Saturday, October 13, 2007

The Green Chain in The Williams Lake Tribune

Vancouver Film Fest entry inspired by Cariboo Chilcotin
Gaeil Farrar
Tribune Staff Writer

Former Tribune reporter Mark Leiren-Young is making a big splash at the Vancouver Film Festival this week with his Cariboo inspired film called The Green Chain. Leiren-Young wrote and directed the film.
So far he has been interviewed by the Province, Vancouver Sun, CanWest newswire, and Global TV about the film which filled the house for its first showing Monday.
The Green Chain combines seven stories about people willing to risk their lives to save the forests and the people who survive by cutting them down. The film is playing at the Vancouver International Film Festival September 27 to October 12.
Among other things Leiren-Young covered the police beat and forestry beats for the Tribune in the 1980s. “I’d been in Williams Lake for however many minutes it takes to drive from the ‘Welcome to Williams Lake’ sign to the Mohawk Station on Highway 97 when I had my first story. The gas station had been robbed. After I finished interviewing the cashier, she smiled at me and said: “Welcome to Williams Lake.”
Several aspects of the forestry beat inspired him to write The Green Chain. “I think my first assignment for Casual Country was doing profiles of all the local mills. And some of the people I interviewed -- and the stories I heard -- very much inspired this movie.” The mountain pine beetle was just showing up in the region. “I wrote a few pine beetle stories for The Trib. I remember the first day that I experienced 30 below weather -- and I couldn’t believe human beings could survive at 30 below -- and someone in the Forest Ministry told me they were hoping the cold would stay long enough to kill the beetles.
“Unfortunately, it didn’t. It was the coldest winter I’d ever experienced in my life, but I think it was one of the earliest of the warming winters that allowed the beetle problem to turn into an epidemic. So the movie definitely mentions the beetles, but it doesn’t focus on them.”
Leiren-Young says he was also struck by the irony of one interview he did with a logger who was excited about getting his new machine which he described as “a mill on wheels” and at the same time complained about the damn environmentalists from the cities who were taking away all the jobs. He says the interview always stuck with him and created the first link in The Green Chain.
One of the biggest challenges in the film was finding a feller-buncher or a danglehead processor for the film’s logger that was accessible and safe. Driving along real logging roads, looking for such equipment, he says it became very clear to him how so many loggers die in the woods each year.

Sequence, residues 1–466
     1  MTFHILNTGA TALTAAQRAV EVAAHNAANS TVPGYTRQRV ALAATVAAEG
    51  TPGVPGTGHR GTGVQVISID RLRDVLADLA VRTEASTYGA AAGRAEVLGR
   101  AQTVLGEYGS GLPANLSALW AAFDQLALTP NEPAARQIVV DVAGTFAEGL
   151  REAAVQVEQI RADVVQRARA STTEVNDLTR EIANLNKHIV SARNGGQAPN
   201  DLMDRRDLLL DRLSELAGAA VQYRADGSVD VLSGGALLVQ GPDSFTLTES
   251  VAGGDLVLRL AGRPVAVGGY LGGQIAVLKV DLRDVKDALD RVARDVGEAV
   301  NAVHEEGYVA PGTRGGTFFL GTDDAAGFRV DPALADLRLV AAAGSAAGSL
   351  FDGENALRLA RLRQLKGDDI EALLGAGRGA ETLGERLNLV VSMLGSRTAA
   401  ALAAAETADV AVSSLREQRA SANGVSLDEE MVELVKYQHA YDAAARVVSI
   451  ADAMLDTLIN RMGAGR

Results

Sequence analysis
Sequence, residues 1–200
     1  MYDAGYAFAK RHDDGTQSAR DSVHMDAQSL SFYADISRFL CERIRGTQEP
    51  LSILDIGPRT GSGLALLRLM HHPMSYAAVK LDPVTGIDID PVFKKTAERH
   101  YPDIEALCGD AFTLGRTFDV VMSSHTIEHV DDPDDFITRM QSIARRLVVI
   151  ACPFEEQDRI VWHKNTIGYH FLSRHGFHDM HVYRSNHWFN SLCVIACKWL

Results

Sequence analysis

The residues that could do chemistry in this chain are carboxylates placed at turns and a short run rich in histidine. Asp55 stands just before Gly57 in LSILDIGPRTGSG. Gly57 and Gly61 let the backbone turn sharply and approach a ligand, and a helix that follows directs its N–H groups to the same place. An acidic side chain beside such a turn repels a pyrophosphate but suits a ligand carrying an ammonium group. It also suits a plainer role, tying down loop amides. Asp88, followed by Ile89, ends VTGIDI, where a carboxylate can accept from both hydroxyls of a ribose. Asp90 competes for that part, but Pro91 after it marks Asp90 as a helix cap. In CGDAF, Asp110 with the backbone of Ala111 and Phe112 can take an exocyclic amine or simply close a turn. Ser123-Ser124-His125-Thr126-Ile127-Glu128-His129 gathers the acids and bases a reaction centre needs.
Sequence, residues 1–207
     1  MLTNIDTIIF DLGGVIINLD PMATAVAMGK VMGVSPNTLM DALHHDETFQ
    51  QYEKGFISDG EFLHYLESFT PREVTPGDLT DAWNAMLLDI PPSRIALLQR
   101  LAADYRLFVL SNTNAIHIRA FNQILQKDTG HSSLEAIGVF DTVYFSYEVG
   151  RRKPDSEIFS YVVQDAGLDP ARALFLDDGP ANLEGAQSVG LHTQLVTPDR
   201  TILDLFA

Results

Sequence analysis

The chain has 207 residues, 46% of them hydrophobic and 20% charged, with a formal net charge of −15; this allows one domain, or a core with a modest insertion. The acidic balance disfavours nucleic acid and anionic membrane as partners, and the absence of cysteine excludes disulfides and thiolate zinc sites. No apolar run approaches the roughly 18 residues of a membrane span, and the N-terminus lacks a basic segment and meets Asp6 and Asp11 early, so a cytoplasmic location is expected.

He says he wanted the film to feel like a documentary and it was fun hearing after the first screening at the Montreal World Film festival that The Green Chain captured the voices of rural Ontario, and after the second screening that it captured the voices of rural Quebec.
Leiren-Young says it is important for him to show The Green Chain in Williams Lake and Prince George as it is to show it in Vancouver and Toronto. “And it’s just as important to me to see this play in Oregon and Washington as it is to see it in LA or New York. The idea behind the movie is to get people listening to all sorts of different points of view.
The goal is also to use the movie to start a dialogue on the various issues effecting the forests -- and forest communities -- like the beetles.”
To facilitate this dialogue, Leiren-Young says he’s connected with the publication, The Tyee (, and set up a podcast series where he interviews a wide variety of people -- including William’s Lake’s Wade Fisher -- about forestry and environmental issues.
“The series is set up to encourage comments and get people talking. I’d love to start reading postings on the site from Cariboo country.”
This is Leiren-Young’s first film, although he has had a lot of festival experiences in theatre, comedy and music festivals. He has written for several television series and written and acted in stage shows over the years including Local Anxiety and Escape from Fantasy Gardens.
Tuesday, Leiren-Young says he was rehearsing for his first Local Anxiety gig in nine years. “We’re playing at a special (Vancouver) Film Fest event. Big fun, but seriously nerve-wracking!”
His most recent writing has been for the television series Blood Ties, about a vampire with a conscience. “Now I’m working on developing Moon Knight, which was/is a Marvel Comic. It’s a pretty amazing gig because I loved the character as a kid and had every issue of the first three series Moon Knight appeared in.”

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